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Donor Stories

Joy Through Sacrifice: Alicia's Story

Alicia and her youngest, Anne Marie, shortly after birth

In her own words, Alicia shares her experience as a milk donor and mother.

Exclusively pumping certainly was not what I had planned a decade and a half ago when pregnant with my first of six children. After unbearable pain while nursing, I eventually ended up meeting with seven different lactation consultants. The last one discovered that because of my Raynaud’s disease, a circulation disorder, my body thought I was going into hypothermia each time I nursed. Expressing milk does not have this same effect, so I am able to pump and bottle feed breastmilk to my children.

I pump five times a day to maintain my milk supply and I make more milk than my babies need. After throwing away gallons of frozen breastmilk with my first baby, I researched if milk could be donated, knowing its unique benefits. When I ran across it in 2005, Mothers’ Milk Bank of North Texas had only been in existence for a year and was operating on a much smaller scale. I am amazed to see how much the milk bank has grown in both scale and awareness. Since my first baby, I have donated my extra milk to MMBNT.

Anne Marie

We had several cousins born prematurely and watched their tiny bodies thrive on breastmilk in the NICU. We know the pain of losing a baby after suffering miscarriages and have been present with dear friends giving birth knowing their baby cannot survive outside the womb. We have had friends sacrifice nursing and exclusively formula feed in order to undergo chemo immediately after giving birth. We have seen friends open their hearts to adoption or have to go back to work right after birth. All of these mothers are my friends who find joy in sacrificial love as I have found in expressing and bottle feeding.

Alicia's oldest son feeds her youngest daughter

I am often asked if it is difficult to exclusively pump with a large family. Yes and no. It is a sacrifice of time and energy; however, I am grateful to have the ability to provide this precious gift for my children and for those babies who will receive my milk through MMBNT. Once I let go of the initial guilt I felt at not being able to nurse, I was able to focus on the benefits of pumping. Several of my children were born with underdeveloped intestines and by eliminating certain types of protein from my diet, I was able to give their intestines time to finish maturing without internal bleeding. I can now watch my biggest boys occasionally feed my tiniest girl, which melts my heart. I can feed a baby on a road trip without taking her out of the car seat.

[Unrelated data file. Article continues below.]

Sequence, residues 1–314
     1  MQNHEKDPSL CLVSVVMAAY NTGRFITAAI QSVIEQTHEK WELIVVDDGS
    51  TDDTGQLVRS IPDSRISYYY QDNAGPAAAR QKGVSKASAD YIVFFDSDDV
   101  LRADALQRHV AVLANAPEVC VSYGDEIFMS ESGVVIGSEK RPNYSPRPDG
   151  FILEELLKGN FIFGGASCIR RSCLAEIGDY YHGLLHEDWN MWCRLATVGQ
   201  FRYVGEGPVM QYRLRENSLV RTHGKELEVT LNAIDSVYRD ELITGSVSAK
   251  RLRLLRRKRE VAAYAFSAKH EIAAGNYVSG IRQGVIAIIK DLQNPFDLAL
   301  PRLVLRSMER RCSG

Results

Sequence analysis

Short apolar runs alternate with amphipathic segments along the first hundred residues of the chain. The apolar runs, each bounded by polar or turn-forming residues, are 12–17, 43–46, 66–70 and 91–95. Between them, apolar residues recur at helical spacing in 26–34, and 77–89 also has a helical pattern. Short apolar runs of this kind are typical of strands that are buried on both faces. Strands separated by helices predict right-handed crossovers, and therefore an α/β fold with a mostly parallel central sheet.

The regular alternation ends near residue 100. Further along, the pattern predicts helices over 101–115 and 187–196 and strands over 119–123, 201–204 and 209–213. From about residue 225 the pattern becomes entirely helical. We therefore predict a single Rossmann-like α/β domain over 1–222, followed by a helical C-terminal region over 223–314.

One of Alicia's children helping with her freezer stash

I have pumped in many odd corners, in my car at tennis matches and soccer games, in heat, in cold, in airports, during conference calls, at black tie events and pool parties. Many things about motherhood are difficult. In many ways, the life of a mother is a life of sacrifice. As Mother Teresa said, “Intense love does not measure, it just gives.” Yet it is precisely this giving of ourselves, giving our bodies during pregnancy, our continual care to our children after they are born and giving milk donations to MMBNT, that brings such great joy and meaning in life.

My advice to others looking to follow a similar path is to embrace the sacrifice for your own children and for those that you are helping through donations and give it meaning. For me, this means that I tape a list of prayer intentions to my pump so that I can offer up my discomfort and inconveniences for others.

It requires very little incremental effort to donate my extra milk to the milk bank, yet I know the benefits are tremendous for those sweet little ones and their families. After the initial screening, it is just a matter of freezing milk and dropping it off at one of the numerous depots in the area. I try to involve my children in the process of labeling, bagging up, or pulling the cooler full of milk so that they can have a part in serving the babies receiving milk as well and begin to understand that in helping others, we ourselves receive joy.

Alicia and some of her children dropping off a milk donation

As blue eyes and a mop of curls peek over the counter our 3 year-old daughter asks, “Is that the milk for the sick babies?”

“Yes,” I answer, pouring the milk into the freezer bag.

“Did you give my milk to the sick babies?” she inquires, wanting to know that “her” milk helped, too.

“Yes, and the extra milk from your four brothers.”

“Why do we give milk to the sick babies?” continues my 3 year-old, even though she’s heard the answer before.

“Because God gave Mommy the gift of extra milk so now we can share it and help other babies… Do you have any gifts or blessings you can share with others?” And I smile as she scurries off to her toddler-sized table to color a picture intended to bring joy to a grandparent or cousin.

Is it enjoyable to pump around the clock for a year at a time? No, it is not. Does it bring me joy to feed my children and help other babies? Absolutely, yes.

 

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    HMBANA
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